The divorce becomes final tonight.
The core unit and top six players from a Kentucky team that won 40 games in 38 attempts last season will be nothing but a lasting memory and remembered for its “gr8ness” on the court.
Even though the breakup of the defending national champion began almost immediately after the school captured its eighth national championship in April, speculation on the separation quickly turned into realization not even a month after the team left New Orleans with the coveted national championship trophy in hand. Senior Darius Miller’s future was known, but the core of the team played the waiting game as the deadline for entering the NBA¿Draft loomed.
Aside from Miller, it was widely known that Anthony Davis would exchange his textbooks for green backs, but it wasn’t entirely a big surprise when Michael Kidd-Gilchrist, Terrence Jones, Doron Lamb and Marquis Teague joined Davis at a press conference at the Joe Craft Center to announce their intentions to turn from one- and two-year college players into professional ones.
Coming back for more, and a chance to become the first Wildcat team to repeat as champions since the 1948-49 seasons, was intriguing, but not as much as getting paid to play basketball.¿Who can blame them?
Professional teams yearn for solid talent and also players who have room to develop following the draft. Kentucky’s six players have both options for teams to consider.
Of the six former Kentucky players expected to be chosen in the NBA Draft tonight, Davis is without question the cream of the crop. No player in this century has made more of an impact on the program than Davis, who made shot-blocking popular again and a useful weapon on defense. He can take over a game at both ends of the floor and his humble roots off the court also make him an appealing prospect for the Hornets.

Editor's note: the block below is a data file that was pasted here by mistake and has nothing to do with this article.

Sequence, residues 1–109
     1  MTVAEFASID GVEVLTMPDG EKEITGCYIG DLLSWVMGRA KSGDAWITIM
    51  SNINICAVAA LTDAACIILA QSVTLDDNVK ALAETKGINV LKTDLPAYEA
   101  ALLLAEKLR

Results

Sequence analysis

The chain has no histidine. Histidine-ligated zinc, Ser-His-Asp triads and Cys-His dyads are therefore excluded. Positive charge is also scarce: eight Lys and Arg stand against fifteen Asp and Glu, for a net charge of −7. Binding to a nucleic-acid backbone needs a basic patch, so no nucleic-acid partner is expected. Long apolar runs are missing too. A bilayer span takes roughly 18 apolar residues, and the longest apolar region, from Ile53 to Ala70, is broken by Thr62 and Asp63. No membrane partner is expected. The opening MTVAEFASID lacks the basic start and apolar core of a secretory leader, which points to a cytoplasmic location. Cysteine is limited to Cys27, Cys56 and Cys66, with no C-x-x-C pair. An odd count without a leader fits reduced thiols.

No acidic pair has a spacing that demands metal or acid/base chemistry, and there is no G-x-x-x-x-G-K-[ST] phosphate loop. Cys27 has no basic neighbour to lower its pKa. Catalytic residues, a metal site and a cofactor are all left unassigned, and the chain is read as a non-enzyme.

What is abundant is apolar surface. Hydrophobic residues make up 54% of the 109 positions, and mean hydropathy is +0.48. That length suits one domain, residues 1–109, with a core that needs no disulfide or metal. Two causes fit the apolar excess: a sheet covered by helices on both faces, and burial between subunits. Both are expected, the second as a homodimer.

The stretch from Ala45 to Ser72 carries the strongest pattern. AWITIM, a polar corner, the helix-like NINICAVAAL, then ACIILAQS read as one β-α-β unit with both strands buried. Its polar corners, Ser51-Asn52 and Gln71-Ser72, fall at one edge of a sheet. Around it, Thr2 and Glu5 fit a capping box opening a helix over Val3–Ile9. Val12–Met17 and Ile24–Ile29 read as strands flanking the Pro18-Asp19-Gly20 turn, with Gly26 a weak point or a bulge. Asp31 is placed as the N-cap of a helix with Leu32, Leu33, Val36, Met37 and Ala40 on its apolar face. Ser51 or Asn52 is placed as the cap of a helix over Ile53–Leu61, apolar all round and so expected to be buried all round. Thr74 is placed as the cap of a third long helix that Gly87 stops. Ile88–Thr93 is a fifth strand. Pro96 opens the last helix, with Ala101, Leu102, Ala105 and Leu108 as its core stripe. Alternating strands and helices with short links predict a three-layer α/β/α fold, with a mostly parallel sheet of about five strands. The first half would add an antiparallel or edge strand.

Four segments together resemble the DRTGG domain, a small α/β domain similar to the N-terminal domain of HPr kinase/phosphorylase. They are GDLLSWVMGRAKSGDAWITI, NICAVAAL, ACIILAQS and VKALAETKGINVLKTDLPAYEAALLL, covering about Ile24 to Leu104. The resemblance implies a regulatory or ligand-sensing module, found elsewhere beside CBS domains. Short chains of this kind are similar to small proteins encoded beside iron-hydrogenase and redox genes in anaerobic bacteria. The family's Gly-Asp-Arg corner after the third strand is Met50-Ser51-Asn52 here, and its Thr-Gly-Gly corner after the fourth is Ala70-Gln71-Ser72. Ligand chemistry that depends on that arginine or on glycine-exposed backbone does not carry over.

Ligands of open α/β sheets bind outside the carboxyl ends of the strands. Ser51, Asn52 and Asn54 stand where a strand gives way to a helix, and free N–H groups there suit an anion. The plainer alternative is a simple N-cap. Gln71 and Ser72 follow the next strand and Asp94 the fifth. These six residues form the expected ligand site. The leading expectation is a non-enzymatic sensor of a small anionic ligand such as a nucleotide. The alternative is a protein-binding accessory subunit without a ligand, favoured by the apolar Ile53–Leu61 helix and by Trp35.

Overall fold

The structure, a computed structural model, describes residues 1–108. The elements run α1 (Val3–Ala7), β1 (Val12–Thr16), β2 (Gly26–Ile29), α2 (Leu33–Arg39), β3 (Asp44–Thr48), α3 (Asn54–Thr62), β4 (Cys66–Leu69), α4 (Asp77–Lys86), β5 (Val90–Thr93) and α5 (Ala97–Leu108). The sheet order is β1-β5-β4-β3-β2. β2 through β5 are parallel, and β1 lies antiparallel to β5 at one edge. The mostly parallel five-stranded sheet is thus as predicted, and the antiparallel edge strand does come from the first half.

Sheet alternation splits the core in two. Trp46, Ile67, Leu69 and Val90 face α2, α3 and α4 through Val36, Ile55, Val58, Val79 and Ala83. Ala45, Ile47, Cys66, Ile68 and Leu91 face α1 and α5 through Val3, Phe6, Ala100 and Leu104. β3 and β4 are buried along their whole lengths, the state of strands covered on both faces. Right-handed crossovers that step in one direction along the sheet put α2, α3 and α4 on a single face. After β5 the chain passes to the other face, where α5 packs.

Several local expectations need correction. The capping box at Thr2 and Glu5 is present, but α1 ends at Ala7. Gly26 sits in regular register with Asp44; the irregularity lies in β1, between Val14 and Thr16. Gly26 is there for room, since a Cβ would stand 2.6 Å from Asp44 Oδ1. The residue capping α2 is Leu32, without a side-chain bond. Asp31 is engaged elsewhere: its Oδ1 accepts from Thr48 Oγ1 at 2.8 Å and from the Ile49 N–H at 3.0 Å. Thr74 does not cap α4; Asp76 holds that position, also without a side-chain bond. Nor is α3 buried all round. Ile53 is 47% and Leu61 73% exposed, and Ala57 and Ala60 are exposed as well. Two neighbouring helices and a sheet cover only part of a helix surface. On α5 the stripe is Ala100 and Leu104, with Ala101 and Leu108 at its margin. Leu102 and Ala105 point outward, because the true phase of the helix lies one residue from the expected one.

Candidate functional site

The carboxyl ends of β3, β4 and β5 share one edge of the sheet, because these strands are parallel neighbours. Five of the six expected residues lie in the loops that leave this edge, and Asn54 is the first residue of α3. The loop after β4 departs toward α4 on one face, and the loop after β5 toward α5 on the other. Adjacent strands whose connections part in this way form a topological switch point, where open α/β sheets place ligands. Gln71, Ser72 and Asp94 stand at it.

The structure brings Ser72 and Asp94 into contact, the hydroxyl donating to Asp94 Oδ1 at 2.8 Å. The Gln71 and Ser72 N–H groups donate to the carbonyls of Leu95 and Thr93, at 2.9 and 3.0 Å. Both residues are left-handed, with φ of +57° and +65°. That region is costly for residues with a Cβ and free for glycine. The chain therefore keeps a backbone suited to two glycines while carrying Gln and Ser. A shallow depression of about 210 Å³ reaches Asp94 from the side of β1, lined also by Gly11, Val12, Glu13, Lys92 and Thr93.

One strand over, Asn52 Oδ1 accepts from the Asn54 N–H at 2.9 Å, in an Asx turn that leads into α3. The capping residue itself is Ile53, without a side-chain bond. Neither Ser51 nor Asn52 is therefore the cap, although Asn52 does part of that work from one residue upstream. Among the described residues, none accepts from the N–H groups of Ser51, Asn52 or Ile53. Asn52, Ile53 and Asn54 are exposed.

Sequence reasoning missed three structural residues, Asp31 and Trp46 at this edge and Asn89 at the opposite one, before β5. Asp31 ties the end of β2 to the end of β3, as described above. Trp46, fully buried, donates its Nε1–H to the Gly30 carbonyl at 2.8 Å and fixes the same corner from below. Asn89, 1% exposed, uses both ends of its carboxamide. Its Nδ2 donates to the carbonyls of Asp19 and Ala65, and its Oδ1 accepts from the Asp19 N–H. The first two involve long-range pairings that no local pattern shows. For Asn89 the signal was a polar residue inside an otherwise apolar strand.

Players like Davis are hard to find. Kentucky coach John Calipari and his staff knew that when they recruited Davis from Chicago to Kentucky and NBA¿teams, especially the New Orleans Hornets, know that, too. His ability to dominate with his hands on defense, combined with his skills around the basket, make Davis a hot commodity and are just two of the reasons why Davis will be the top draft pick.
After Davis, it’s not known where the other five of Kentucky’s former five players will end up once the draft begins. Like most analysts, the feeling is that Kidd-Gilchrist will follow Davis, with Jones, Lamb and Teague also going into the first round. Miller will likely be selected in the second round, but that’s not a bad thing.
Kentucky’s recent second-round draftees have included Josh Harrellson, DeAndre Liggins, Jodie Meeks, Joe Crawford and Keith Bogans.
The only thing for certain is that Davis will begin his professional career where he played his final college game — in the Big Easy.